The newly announced Samyang 135mm f/2 has caused quite a bit of excitement with its wide aperture and modest ($550) price tag.
Now that all the specs have been revealed, it’s time to see how the lens compares to Canon’s version of the 135mm f/2 (@ $1,049.00 – almost double the price) .
A head-to-head comparison, conducted by South Korean blog Gear for Image, brings first results of the new portrait lens. Facing Canon’s superb lens, the Samyang has its work cut out.
Interestingly, according to entry date of the original post, this review was submitted on January 6, 2015. That’s almost a week prior to the official announcement. While possible that it’s simply an older blog post that was edited after the official announcement, the fact that the blog already has the lens in their possession leads me to believe that the post was in fact posted a week ago. If that is the case, this comparison might be using a pre-production copy of the lens so we can expect to see slight variations with the final production copies.
The comparison was done using a Canon 5D Mark II and a tripod. All photos were taken at, wait for it… 135mm lenses!
For this test the Sigma 70-200mm lens was used as well, giving you a comparison of Samyang’s lens with a standard zoom lens. We will focus on how the Samyang fares against its Canon counterpart, but you might find the results interesting if you own that lens.
Close scene comparison
Here is how I see the results:
- f/2 – The Samyang is better all over. Hands down the best performer at f/2.
- f/2.8 – Samyang is better in the center, with its advantage increasing the further out you go.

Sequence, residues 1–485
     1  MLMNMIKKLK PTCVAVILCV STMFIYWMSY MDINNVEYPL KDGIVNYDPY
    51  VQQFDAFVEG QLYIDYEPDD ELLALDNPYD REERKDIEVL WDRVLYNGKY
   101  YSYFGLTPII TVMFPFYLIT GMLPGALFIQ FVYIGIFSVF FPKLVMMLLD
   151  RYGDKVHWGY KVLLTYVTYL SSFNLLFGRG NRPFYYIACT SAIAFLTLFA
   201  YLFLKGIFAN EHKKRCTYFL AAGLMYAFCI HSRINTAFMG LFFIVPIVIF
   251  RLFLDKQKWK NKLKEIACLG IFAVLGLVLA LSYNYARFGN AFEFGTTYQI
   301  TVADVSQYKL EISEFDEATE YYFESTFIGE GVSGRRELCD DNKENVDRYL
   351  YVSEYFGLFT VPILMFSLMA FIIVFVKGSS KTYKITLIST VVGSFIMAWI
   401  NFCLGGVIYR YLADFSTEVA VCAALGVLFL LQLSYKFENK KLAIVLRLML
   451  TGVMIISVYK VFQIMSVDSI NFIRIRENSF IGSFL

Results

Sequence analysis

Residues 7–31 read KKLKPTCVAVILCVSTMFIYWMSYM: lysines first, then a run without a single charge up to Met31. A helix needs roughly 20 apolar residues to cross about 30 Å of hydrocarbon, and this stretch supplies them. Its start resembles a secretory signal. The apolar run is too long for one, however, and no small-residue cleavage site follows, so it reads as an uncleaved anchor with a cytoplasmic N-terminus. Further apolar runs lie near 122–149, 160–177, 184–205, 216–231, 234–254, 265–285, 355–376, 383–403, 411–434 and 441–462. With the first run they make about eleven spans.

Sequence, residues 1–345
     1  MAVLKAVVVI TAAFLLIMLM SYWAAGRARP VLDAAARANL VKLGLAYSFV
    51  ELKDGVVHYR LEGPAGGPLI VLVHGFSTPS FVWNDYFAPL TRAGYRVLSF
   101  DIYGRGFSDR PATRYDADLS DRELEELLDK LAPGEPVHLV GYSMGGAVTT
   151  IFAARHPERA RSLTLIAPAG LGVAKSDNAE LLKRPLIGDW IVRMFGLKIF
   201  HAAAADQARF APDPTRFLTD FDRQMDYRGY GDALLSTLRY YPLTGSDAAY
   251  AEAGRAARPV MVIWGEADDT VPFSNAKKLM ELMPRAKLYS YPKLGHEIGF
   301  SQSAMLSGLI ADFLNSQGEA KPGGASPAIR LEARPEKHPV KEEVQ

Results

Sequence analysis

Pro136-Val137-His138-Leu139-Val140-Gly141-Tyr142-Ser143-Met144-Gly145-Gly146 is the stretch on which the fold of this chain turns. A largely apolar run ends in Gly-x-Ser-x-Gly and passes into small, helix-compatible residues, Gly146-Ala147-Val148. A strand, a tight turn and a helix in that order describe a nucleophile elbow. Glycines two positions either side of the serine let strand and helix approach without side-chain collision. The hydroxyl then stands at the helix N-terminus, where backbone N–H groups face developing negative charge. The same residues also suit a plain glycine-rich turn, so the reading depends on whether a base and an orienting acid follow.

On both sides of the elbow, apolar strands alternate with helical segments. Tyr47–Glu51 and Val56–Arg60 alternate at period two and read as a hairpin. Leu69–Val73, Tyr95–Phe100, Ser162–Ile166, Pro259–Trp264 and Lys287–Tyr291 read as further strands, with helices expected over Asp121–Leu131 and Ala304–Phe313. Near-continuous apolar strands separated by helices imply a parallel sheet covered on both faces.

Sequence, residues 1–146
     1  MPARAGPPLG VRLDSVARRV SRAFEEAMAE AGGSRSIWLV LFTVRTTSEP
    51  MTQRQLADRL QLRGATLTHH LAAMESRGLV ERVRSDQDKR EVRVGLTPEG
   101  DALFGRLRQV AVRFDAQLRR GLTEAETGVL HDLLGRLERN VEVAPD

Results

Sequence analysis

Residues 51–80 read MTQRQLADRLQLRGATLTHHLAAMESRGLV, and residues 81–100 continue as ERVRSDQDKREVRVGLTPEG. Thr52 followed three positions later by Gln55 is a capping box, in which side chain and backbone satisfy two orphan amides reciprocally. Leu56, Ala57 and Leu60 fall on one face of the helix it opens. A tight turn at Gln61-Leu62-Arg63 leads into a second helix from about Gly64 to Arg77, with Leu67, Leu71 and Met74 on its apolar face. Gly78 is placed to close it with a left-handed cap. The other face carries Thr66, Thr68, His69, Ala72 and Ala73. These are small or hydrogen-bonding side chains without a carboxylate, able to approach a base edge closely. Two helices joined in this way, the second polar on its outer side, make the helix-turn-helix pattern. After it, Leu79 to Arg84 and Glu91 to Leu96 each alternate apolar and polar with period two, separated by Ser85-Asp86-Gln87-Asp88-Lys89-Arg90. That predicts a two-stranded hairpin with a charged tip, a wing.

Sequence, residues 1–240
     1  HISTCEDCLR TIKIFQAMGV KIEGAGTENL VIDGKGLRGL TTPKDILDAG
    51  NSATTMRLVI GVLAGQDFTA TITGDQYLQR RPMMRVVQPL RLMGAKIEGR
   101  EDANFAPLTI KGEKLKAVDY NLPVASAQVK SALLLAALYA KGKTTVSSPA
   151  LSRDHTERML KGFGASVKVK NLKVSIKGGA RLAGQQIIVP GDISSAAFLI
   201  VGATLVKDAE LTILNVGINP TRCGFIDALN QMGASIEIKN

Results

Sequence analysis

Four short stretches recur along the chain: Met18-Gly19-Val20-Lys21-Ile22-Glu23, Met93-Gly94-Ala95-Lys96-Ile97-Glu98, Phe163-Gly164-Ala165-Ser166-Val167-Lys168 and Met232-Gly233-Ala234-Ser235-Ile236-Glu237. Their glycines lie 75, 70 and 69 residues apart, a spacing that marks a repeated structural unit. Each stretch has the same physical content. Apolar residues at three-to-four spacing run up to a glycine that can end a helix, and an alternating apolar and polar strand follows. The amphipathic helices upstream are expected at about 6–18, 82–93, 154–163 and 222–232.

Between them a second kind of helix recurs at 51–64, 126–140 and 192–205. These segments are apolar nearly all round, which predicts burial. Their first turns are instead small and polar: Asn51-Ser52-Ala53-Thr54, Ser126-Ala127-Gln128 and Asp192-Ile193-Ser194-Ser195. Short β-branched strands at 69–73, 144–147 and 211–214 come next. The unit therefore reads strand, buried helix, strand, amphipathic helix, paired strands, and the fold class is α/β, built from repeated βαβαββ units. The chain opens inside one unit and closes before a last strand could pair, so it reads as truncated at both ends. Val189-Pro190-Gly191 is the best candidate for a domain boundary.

- f/4 – Samyang maintains just a slight advantage
- f/5.6 – Samyang seems to be a tiny bit better at C and L1. The gap is bigger for L2 and L3.
- f/8 – Same
- f/11 – At this point both lenses match up pretty much the same. Samyang has a slight advantage.
- f/16 – Diffraction has kicked in by this point so all lenses show a decrease in quality. For the first time Canon seems to have a slight advantage.
- f/22 – Canon still has the upper hand but just barely. Anyway, if you’re looking to maximum sharpness you won’t use either lens at f/16 or f/22 on this camera.
Far scene comparison
- f/2 – Samyang wins across the board. The Canon shows terrible chromatic aberration (more on that in a bit) which makes it hard to tell just how much better the Samyang is.
- f/2.8 – Same
- f/4 – The gap has closed somewhat, despite the CA.
- f/5.6 – The Canon is back in the fight – both lenses produce pretty similar results.
- f/8 – By now the Canon and Samyang appear equal. Canon might have a slight advantage in sections A and E.
Angle Of View & Distortion
Both lenses show negligible distortion.
At the distance the photos were taken the Samyang’s field of view was a bit wider, so a closer photo was taken for a same-frame comparison.
Longitudinal Color Aberration